mai;N be-navaa a;Raa thaa bose ko un labo;N ke
har dam .sadaa yihii thii de gu;zro ;Taal kyaa hai

1) I, the destitute/voiceless one, had insisted upon a kiss from/of those lips
2) every moment/breath, the call was only/emphatically this: 'Go on, give it, what's the delay?!'



be-navaa : 'Without provisions or furniture; without prosperity or splendour in condition; indigent, destitute'. (Platts p.204)


a;Rnaa : 'To come to a stop or stand-still, to stop, to stick; to be restive; obstructive, &c., to oppose; wrangle, contend; to be obstinate, ... to insist (upon, - par ); to be determined or bent (on)'. (Platts p.44)


navaa : 'Voice, sound; ... riches, opulence, wealth, plenty; subsistence; —prosperity; goodness or splendour of circumstances'. (Platts p.1157)

S. R. Faruqi:

The melancholy wittiness of this verse-set [consisting of this verse and {1031,9}], the ambiguity of its sarcasm, the speaker's derision aimed at himself-- these things are such that hundreds of ghazals can be sacrificed for them. And the mingling of these elements is so informal and appropriate that nothing seems to be too much or too little.

The iham of be-navaa too is enjoyable, for here its meaning is 'without wealth and property, poor'; but if we take the meaning to be 'voiceless, without a voice', then the interesting paradox is created that that person who had no voice is constantly calling out that he needs a kiss.

Now let's consider the beloved's reaction-- [for discussion of the second verse in the verse-set, see {1031,9}].

Mir has used this theme in one other place as well. That verse has trimness and tight construction, but not the abundance of meaning or the depths in the tone. From the third divan [{1269,7}]:

hu))aa mai;N miir jo us but se saa))il bosah-e lab kaa
lagaa kahne :zafaafat se kih shah .saa;hib ;xudaa deve

[when I, Mir, became an asker/beggar from that idol, of a kiss from her lips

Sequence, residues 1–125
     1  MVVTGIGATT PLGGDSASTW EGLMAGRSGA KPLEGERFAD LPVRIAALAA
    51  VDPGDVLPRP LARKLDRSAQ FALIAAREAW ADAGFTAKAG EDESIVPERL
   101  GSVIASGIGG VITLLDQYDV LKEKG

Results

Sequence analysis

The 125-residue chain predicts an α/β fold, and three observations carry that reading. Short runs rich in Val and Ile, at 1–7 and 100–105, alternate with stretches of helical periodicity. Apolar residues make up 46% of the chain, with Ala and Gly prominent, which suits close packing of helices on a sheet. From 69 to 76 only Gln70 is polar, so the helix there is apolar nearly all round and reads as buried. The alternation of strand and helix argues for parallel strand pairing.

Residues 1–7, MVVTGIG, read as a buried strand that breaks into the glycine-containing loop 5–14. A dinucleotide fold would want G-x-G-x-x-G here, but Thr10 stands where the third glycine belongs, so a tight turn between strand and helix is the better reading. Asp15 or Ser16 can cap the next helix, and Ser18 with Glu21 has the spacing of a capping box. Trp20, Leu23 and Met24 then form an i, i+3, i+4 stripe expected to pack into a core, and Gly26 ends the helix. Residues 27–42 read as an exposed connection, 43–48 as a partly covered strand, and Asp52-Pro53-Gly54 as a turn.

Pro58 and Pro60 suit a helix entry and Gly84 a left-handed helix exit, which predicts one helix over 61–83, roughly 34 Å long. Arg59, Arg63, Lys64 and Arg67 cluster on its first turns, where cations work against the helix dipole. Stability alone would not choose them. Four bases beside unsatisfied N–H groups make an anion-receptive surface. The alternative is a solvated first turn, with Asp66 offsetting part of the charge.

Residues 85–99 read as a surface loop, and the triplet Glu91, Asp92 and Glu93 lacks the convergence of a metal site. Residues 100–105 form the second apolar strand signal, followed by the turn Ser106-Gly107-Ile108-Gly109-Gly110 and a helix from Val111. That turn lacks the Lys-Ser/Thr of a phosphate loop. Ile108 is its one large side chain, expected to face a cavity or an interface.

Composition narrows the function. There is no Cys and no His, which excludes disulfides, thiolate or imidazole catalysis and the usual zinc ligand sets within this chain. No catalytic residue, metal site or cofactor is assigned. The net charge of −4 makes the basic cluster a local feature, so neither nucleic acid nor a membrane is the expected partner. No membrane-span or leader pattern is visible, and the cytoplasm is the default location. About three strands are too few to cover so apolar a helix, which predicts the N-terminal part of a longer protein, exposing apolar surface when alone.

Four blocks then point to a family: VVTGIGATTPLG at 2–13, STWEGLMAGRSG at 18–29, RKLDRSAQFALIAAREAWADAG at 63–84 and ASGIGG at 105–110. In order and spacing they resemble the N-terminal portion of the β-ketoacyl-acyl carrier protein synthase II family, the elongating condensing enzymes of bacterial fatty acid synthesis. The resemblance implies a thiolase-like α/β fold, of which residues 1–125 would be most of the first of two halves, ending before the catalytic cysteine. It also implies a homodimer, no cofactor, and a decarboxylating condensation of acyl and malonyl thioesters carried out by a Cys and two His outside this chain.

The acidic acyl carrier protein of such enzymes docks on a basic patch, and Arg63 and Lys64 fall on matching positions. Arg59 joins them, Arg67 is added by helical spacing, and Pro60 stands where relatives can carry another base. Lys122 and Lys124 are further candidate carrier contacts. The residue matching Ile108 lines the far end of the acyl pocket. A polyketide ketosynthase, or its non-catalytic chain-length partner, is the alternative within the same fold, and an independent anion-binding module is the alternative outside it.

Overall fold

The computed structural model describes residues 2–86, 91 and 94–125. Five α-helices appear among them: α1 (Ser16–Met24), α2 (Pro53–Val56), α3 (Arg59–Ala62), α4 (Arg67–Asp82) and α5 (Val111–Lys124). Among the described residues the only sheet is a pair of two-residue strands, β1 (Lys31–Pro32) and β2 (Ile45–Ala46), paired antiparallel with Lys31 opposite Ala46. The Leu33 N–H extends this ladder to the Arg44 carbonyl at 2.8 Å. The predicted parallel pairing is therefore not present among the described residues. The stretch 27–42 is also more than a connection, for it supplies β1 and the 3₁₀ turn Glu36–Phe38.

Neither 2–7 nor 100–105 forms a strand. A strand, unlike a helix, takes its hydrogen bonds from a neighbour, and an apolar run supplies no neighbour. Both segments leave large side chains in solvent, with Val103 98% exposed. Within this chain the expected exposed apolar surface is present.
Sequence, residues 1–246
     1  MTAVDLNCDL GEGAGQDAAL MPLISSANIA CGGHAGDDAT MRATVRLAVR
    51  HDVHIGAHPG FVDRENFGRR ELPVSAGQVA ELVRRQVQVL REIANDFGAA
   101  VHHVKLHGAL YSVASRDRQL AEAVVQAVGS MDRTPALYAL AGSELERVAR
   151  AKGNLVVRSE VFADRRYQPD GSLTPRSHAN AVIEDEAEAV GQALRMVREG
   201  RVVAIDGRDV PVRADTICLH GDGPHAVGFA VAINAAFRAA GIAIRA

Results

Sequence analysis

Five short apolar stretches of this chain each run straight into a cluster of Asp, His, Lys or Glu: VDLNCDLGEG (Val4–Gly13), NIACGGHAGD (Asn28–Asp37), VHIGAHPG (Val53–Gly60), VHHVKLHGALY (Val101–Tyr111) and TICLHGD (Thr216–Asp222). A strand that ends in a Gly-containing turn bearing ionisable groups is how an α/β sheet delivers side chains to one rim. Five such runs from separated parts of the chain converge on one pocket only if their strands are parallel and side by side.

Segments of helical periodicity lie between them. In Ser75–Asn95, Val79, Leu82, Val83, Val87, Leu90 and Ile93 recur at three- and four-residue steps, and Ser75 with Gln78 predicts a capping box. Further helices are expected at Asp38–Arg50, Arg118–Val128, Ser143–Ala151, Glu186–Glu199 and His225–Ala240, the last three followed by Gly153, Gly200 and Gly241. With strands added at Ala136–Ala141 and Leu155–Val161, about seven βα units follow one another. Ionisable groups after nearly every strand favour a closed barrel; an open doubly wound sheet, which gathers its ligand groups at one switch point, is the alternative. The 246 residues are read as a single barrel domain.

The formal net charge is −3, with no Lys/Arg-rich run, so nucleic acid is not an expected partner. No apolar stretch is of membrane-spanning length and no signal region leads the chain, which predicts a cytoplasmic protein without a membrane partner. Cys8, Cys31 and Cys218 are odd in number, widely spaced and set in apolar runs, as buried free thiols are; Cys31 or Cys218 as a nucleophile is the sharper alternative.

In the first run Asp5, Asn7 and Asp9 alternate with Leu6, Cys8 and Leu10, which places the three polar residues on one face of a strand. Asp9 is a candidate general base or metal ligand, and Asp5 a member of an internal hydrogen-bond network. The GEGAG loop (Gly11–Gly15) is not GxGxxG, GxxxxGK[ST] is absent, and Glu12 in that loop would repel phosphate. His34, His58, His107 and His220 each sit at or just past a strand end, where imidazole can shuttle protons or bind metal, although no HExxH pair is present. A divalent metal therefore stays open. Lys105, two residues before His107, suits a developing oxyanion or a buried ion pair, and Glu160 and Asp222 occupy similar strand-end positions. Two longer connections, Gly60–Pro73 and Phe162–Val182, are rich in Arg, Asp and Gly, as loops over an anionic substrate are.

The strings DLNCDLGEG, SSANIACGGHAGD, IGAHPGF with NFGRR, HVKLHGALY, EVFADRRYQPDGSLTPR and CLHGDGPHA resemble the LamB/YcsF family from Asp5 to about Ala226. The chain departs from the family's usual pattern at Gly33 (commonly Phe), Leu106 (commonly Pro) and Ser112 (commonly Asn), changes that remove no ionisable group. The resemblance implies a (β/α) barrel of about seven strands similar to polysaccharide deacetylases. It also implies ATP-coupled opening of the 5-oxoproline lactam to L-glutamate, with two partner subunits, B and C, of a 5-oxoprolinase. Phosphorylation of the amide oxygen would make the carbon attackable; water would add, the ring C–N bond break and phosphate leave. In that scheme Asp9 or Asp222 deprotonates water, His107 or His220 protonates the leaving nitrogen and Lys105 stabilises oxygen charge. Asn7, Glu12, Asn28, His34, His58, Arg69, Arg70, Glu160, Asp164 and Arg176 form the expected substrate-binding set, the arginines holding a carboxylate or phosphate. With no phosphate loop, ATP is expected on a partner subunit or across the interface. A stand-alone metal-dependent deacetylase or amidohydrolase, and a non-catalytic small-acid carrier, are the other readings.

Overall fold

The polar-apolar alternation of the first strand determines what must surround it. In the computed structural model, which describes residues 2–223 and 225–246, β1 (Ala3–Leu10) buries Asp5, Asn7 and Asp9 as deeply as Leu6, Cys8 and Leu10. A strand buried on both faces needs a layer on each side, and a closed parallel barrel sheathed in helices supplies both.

she began to say, jestingly, 'Shah Sahib, may the Lord give it!']

Rasikh Azimabadi has taken from Bihari the theme that 'alas, these beautiful ones call us Baba!'. Rasikh has expressed it, in the idiom of Urdu culture, like this:

ha;Nsii kii raah la;Rke shaah jii kahte hai;N raasi;x ko
bahut mai;N aah is tere gadaa ko dekh kar royaa

[by way of a jest, boys call Rasikh 'Shah-ji'
seeing this beggar of yours-- ah, I wept a great deal]

Mirza Jan Tapish has broadened Mir's theme a bit, and lightened it, but he has also mixed into it the color/style of


and written an interesting verse-set:

jab :tapish ko nah milii bose kii us lab se ;xabar
tab faqiiro;N kii :tara;h shi((r yih pa;Rhtaa vuh chalaa

[when Ta;ish did not get word of a kiss from those lips
then, like faqirs, he went along reciting this verse]

be-navaa hai;N kisii par zor nahii;N yaa ma;hbuub
deve us kaa bhii bhalaa jo nah de us kaa bhii bhalaa

[we are destitute/voiceless, we have no power over anyone, oh beloved
to him who would give, may good come; to him who would not give, may good also come]

Sayyid Muhammad Khan Rind, imitating Mir's present verse, has brought out a fine verse:

saa))ilaanah un ke dar par jab miraa jaanaa hu))aa
ha;Ns ke bole shaah .saa;hib kis :taraf aanaa hu))aa

[when, beggar-like, I went to her door
laughingly she said, 'Shah Sahib, in what a direction you have come!']

Dagh, abandoning the theme of beggarliness and a kiss, has taken up the theme only of shame-- that an excess of agitation has compelled the lover to go toward the beloved's street, or to rise and come back from her street. Dagh has versified the simple expression of this idea with a peerless neatness, lucidity of idiom, and ambiguity:

kyaa i.z:tiraab-e shauq ne mujh ko ;xajal kiyaa
vuh puuchhte hai;N kahye iraade kahaa;N ke hai;N

[how the agitation of ardor made me ashamed!
she asks, 'Tell me, where do you want to go?']

[See also {1254,7}.]



This is a particularly strongly linked verse-set, in the sense that neither verse is at all coherent without the other, and their order too is absolutely fixed. This doesn't seem so remarkable in the context of Aristotelian norms, but anyone who looks at a large number of verse-sets will find that for many of them neither of these conditions holds true.

In this verse the first thing that the speaker tells us is that he is be-navaa . And in the verse-set the two meanings of be-navaa are most cleverly and enjoyably deployed. When we read (or ideally, hear) the first line, both possibilities are brought into play, but we can't as yet really choose between them. When we encounter the second line, we can choose either the meaning of 'voiceless'-- which, as SRF notes, creates the elegantly paradoxical effect of a voiceless person constantly clamoring and crying out, and thus being shown to have in fact quite a loud voice-- or the meaning of 'propertyless, destitute'. The wordplay of dam -- at every 'moment', and/or at every (voice-creating) 'breath'-- tilts the balance in favor of the 'voiceless' reading, since 'destitute' has no such piquant reinforcement.

But of course, as we move on to encounter the second verse of the verse-set, {1031,9}, the situation develops further.